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Naming your burden will give you some control over it. But a think you will not name has power over you, instead. The Tale of the Drakanox.
A snippet from The Tale of the Drakanox, by Deby Fredericks

Here’s a little taste of what I’ve been writing. Tisha, as usual, comes up with deep philosophical thoughts.


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It isn’t as nice as making a sale, but this week I actually got in on a submission window for a publication I’ve been really interested in. Here’s hoping!

Today’s character is new to the Minstrels of Skaythe series. I wasn’t expecting her, but my philosophy is to try and incorporate every idea that comes in the first draft. If it ends up not being important, then I’ll trim it later. Anyhow, I realized early in The Tale of the Drakanox that Countess Ar-Torix, from The Ice Witch of Fang Marsh, wasn’t going to be traipsing around Skaythe in person. She needed a minion.

This is where Nyette comes in.


“An explanation that explains nothing,” Ar-Torix mused. “Now why would Meven feel the need to defend herself, if she has done nothing wrong? This requires further exploration.”

“Shall I send for your horse, Countess?” Hurth asked.

Pearls gleamed in the countess’ hair as she considered. “Not yet. If this is some sort of trick, I’ll not rush into it. Ar-Selviss.”

The instructor quickly stopped the match and bowed. “My lady?”

Ar-Torix went on, “I believe it was Nyette who won the bout just now. In your opinion, is she ready for a different sort of challenge?”

“An excellent suggestion, my lady.” Ar-Selviss smiled obsequiously. “The arena does not always prepare our students for conditions in the field.”

The student in question was already on her feet. She was tall, and Shonn had the impression of an athletic build beneath the stiff brown robe. Black, curly hair fell to her shoulders, where it was cut off in a straight, hard line. Two dainty hairpins, shaped as butterflies, held it away from her face.

“Command me, Countess!” she cried.

“No need to get so excited.” Ar-Torix laughed, a silvery sound that drew every man’s eye to her. “I merely need you to venture into Fang Marsh along with my friend from the water-folk. Examine the ice wall with a mage’s eye, and report back to me. Simplicity.”

“I will make it so.” Nyette’s gaze was intense, in contrast to the childish note of the butterfly pins.

“Yes, yes.” Ar-Torix looked past her and signaled Ar-Selviss to begin the next match. It may have been Shonn’s imagination, but he thought the countess didn’t want too much attention on a younger woman. Not that she needed to worry, as alluring as she was.

Hurth tapped Shonn’s shoulder, breaking Ar-Torix’s spell. “Come on.”

Reluctantly, he tore his eyes away from the temptation of the countess and followed Hurth back into the stuffy building. Nyette stopped in the reception area, where a narrow staircase led upward.

“I’m going to pack a few things,” she announced in a brittle imitation of Ar-Torix’s confident tone. Hunter-guards at the counter looked around at those words. To Shonn, she said, “I assume you don’t want a troop of them escorting me.”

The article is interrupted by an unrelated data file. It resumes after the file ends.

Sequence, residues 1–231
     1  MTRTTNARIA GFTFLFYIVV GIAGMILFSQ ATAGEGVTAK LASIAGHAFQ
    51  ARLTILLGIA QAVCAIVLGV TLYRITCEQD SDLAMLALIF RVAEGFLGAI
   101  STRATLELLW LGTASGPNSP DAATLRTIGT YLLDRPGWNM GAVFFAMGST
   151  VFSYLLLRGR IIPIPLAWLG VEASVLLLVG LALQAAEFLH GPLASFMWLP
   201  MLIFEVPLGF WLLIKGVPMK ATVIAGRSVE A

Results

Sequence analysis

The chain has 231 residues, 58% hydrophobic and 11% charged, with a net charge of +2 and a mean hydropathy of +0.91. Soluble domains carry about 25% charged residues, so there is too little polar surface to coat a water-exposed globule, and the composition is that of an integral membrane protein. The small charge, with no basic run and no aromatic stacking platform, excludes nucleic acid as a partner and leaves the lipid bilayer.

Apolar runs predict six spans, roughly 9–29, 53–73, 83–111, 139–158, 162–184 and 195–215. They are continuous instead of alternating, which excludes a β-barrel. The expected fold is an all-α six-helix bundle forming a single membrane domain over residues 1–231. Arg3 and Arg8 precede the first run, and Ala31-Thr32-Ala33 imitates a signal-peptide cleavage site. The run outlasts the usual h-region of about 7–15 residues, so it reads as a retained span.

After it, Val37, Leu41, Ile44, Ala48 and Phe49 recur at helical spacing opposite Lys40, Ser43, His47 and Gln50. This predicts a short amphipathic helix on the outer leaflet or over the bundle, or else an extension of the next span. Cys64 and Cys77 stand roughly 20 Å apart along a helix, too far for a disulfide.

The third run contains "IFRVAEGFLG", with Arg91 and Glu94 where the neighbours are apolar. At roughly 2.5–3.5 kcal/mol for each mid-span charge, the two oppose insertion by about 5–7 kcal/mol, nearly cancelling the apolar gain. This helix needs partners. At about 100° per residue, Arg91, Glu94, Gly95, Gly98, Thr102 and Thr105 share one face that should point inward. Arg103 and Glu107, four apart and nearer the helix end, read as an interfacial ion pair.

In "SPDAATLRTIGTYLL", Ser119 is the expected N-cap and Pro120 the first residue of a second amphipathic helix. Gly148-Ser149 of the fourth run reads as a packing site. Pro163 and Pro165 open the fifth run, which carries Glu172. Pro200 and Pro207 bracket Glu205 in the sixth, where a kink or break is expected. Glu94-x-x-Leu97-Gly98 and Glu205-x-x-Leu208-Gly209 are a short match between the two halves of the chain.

“No,” he immediately agreed. One passenger might fit on his raft, but not a bunch of them. “We’ll want to move quietly through the swamp.”

Wryly, Hurth asked, “Shall I explain that to them?”

“I’d appreciate it.” Nyette hurried up the steps.

“This is more than I had planned on,” Shonn complained, but Hurth was already walking away.


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I’m still on vacation, but I’ve scheduled another teaser for you. This character is from Prisoners of the Wailing Tower.


Flames roared and leaped, as if they would join with the lowering sun. It was a farmer’s hut that burned, the thatched roofing a ready food for the blaze. Just short of the flames’ reach, Ar-Lizelle glared down at the body that lay at her feet. Her former prisoner was still shaved bald, scorch marks crossing the clothing he’d stolen to hide himself among the population. A perpetual grin of madness split the stubbled face.

It hadn’t been an easy fight. The fugitive’s madness gave him wild power. However, Ar-Lizelle had been warden of the Larder, Dar-Gothull’s prison for insane mages. She knew how to deal with the likes of him. Haafeth had died choking, her fire whip snaked about this throat. Not once did he stop laughing.

That was no surprise. Haafeth had been closer to madness as any of the escaped prisoners. Ar-Lizelle had no remorse for his death. The list of his crimes was long even before the peasant farmer he murdered, and the widow he had been terrorizing when Ar-Lizelle caught up with him. It was Haafeth who set their roof on fire, a futile attempt at distraction.

No, her only regret was that she had learned nothing about the whereabouts of the other prisoners who escaped on that horrible day.

Ar-Lizelle clenched her fists, controlling her fury. After years of patient work, monitoring reports and questioning new prisoners, she’d finally had the chance to capture her disloyal younger sister. Lorrah had left their father to die. Worse, she had become a renegade, working against the mages who rightfully ruled over Skaythe. But the hunt’s promised ending was merely a ruse. Lorrah had lured Ar-Lizelle out of the Larder, and while she was gone, a bunch of fake hunter-guards had broken all the prisoners out.

Disgraced by the failure of her security, Ar-Lizelle now lived on borrowed time. Countess Ar-Khoreen of Yergha, where the Larder was located, had made it clear that she must bring those fugitives back, or otherwise deal with them. If she failed, she would be cast into the Larder herself, as a prisoner.